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Apple distributor sees increased interest in the iPad among businesses


An executive from Ingram Micro, one of Apple's largest distributors, revealed Thursday that Apple is allowing the firm to pursue enterprise sales of the iPad, as businesses express increasing interest in purchasing the touchscreen tablet.

Ingram Micro CEO Greg Spierkl told Reuters in an interview that Apple in the past has preferred to sell the iPad to retailers, but has recently become more amenable to selling it to businesses as well.

"What it's telling us is that there's a (business to business) opportunity starting to develop for these devices, which is not necessarily where they were targeted initially," said Spierkel, who went on to cite sales representatives in the field as one "significant use" of tablets by businesses.

Apple has increasingly relied on Ingram Micro and other distributors to market its products to businesses, reportedly going so far as to lay off 50 of its enterprise salespeople in March of last year.

In the most recent quarter, Apple sold a record 4.19 million iPads, but Wall Street analysts expressed disappointment over the figure.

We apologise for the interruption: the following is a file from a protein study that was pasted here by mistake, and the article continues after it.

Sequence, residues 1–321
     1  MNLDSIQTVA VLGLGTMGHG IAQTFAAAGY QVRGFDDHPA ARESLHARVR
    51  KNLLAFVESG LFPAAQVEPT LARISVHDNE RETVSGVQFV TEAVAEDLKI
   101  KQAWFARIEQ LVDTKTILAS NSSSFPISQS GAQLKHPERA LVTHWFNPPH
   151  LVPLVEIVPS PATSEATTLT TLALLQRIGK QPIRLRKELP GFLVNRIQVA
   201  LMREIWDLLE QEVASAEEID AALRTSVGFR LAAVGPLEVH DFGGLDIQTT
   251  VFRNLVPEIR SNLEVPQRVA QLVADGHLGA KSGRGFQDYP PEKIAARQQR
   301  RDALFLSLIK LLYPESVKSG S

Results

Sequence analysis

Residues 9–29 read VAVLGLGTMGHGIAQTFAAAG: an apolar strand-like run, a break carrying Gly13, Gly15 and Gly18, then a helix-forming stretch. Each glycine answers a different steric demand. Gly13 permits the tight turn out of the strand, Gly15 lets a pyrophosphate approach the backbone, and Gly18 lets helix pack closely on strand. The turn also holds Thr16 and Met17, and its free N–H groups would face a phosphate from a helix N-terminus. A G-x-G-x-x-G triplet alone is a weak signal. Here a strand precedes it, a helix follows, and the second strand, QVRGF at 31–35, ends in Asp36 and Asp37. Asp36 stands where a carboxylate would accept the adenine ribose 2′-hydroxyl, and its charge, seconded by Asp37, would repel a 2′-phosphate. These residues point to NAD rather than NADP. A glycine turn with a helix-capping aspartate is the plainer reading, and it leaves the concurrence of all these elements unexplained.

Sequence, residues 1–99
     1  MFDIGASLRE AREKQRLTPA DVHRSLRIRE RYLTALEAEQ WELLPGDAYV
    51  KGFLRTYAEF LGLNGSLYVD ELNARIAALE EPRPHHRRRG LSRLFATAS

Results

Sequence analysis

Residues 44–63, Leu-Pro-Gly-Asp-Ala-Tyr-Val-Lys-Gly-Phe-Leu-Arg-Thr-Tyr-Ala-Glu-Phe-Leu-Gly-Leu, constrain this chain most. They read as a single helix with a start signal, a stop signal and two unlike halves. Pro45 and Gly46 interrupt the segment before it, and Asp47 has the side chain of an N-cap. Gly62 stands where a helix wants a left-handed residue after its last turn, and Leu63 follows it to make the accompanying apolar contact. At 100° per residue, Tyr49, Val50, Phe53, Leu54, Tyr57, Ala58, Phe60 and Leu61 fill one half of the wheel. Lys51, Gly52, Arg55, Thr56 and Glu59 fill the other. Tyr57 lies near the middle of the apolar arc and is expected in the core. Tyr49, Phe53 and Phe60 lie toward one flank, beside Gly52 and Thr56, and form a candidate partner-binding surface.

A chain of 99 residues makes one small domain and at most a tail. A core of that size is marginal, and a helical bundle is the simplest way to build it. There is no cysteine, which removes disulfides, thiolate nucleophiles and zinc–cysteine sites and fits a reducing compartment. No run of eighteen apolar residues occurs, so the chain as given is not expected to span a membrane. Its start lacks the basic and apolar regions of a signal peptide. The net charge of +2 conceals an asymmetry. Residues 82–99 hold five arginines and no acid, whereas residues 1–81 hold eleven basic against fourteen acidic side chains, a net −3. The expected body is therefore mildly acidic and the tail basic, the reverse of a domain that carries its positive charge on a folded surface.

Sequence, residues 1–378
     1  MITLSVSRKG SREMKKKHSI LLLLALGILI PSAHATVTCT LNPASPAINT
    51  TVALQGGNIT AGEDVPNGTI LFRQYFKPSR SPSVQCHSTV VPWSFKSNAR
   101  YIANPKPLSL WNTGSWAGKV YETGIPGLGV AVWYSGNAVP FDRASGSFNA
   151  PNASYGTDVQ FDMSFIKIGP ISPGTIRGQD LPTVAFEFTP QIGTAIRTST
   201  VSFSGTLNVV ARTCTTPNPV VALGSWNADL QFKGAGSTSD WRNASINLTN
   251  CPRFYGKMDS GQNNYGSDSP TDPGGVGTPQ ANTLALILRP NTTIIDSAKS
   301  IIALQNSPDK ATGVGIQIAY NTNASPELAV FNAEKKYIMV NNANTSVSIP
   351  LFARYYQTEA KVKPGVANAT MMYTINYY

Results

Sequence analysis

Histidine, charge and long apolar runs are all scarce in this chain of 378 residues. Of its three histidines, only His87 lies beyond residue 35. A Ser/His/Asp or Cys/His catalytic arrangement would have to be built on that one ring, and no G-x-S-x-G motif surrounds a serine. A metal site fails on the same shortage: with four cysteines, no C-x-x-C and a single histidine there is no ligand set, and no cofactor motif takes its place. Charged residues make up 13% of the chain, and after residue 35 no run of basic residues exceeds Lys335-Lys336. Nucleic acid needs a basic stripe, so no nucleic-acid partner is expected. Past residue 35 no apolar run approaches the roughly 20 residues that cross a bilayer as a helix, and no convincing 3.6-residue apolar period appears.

During the company's Q4 2010 conference call, Apple CEO Steve Jobs highlighted enterprise sales of the iPad as a growth opportunity for the company.

"We haven't pushed it [the iPad] real hard in business, and it's being grabbed out of our hands," Jobs said.

"We've got a tiger by the tail here, and this is a new model of computing which we've already got tens of millions of people trained on with the iPhone, and that lends itself to lots of different aspects of life, both personal and business," he said.

According to Apple executives, over 65 percent of the Fortune 100 are already deploying or trying the iPad, including Procter & Gamble, Lowes, NBC Universal and Hyatt.

Earlier this week, Bloomberg published a report saying that Apple had contracted with Unisys Corp to sell its products to corporations and government agencies. Unisys will "provide maintenance and other services to companies and government agencies that purchase Apple devices," the report said.

Gene Zapfel, a managing partner at Unisys, said the deal was a first for Apple. “Most of those organizations are still pretty heavily [Windows] PC-based,” Zapfel said. “Apple is going to crack the nut and clients are going to start buying a lot more.”

Wells Fargo and Mercedes-Benz were some of the first companies to try out the iPad for business purposes. A June survey by Citrix found that 80 percent of its business users planned to buy an iPad.